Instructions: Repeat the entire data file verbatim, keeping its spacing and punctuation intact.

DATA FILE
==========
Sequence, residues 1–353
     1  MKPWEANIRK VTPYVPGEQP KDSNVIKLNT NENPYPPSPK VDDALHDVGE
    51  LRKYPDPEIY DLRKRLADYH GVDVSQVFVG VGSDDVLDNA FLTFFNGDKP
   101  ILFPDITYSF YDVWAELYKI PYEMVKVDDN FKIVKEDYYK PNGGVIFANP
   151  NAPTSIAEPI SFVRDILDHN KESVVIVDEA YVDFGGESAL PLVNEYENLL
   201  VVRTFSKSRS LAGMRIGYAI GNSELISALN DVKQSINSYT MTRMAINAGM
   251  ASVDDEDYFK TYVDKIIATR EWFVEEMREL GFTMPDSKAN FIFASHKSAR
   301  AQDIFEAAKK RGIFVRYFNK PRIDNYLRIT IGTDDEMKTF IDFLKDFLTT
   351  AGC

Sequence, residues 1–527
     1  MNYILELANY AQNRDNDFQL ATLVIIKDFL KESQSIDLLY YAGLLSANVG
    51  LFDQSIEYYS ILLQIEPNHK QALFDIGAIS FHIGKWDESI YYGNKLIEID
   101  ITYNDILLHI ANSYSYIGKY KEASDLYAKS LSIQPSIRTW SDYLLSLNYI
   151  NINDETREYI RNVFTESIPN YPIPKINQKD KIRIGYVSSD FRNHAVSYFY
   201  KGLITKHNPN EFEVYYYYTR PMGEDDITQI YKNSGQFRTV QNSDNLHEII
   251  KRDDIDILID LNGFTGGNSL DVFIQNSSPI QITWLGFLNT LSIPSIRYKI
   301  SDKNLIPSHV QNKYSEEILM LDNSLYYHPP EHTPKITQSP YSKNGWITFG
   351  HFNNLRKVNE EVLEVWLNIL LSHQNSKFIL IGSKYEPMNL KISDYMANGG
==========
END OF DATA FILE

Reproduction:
Sequence, residues 1–353
     1  MKPWEANIRK VTPYVPGEQP KDSNVIKLNT NENPYPPSPK VDDALHDVGE
    51  LRKYPDPEIY DLRKRLADYH GVDVSQVFVG VGSDDVLDNA FLTFFNGDKP
   101  ILFPDITYSF YDVWAELYKI PYEMVKVDDN FKIVKEDYYK PNGGVIFANP
   151  NAPTSIAEPI SFVRDILDHN KESVVIVDEA YVDFGGESAL PLVNEYENLL
   201  VVRTFSKSRS LAGMRIGYAI GNSELISALN DVKQSINSYT MTRMAINAGM
   251  ASVDDEDYFK TYVDKIIATR EWFVEEMREL GFTMPDSKAN FIFASHKSAR
   301  AQDIFEAAKK RGIFVRYFNK PRIDNYLRIT IGTDDEMKTF IDFLKDFLTT
   351  AGC

Sequence, residues 1–527
     1  MNYILELANY AQNRDNDFQL ATLVIIKDFL KESQSIDLLY YAGLLSANVG
    51  LFDQSIEYYS ILLQIEPNHK QALFDIGAIS FHIGKWDESI YYGNKLIEID
   101  ITYNDILLHI ANSYSYIGKY KEASDLYAKS LSIQPSIRTW SDYLLSLNYI
   151  NINDETREYI RNVFTESIPN YPIPKINQKD KIRIGYVSSD FRNHAVSYFY
   201  KGLITKHNPN EFEVYYYYTR PMGEDDITQI YKNSGQFRTV QNSDNLHEII
   251  KRDDIDILID LNGFTGGNSL DVFIQNSSPI QITWLGFLNT LSIPSIRYKI
   301  SDKNLIPSHV QNKYSEEILM LDNSLYYHPP EHTPKITQSP YSKNGWITFG
   351  HFNNLRKVNE EVLEVWLNIL LSHQNSKFIL IGSKYEPMNL KISDYMANGG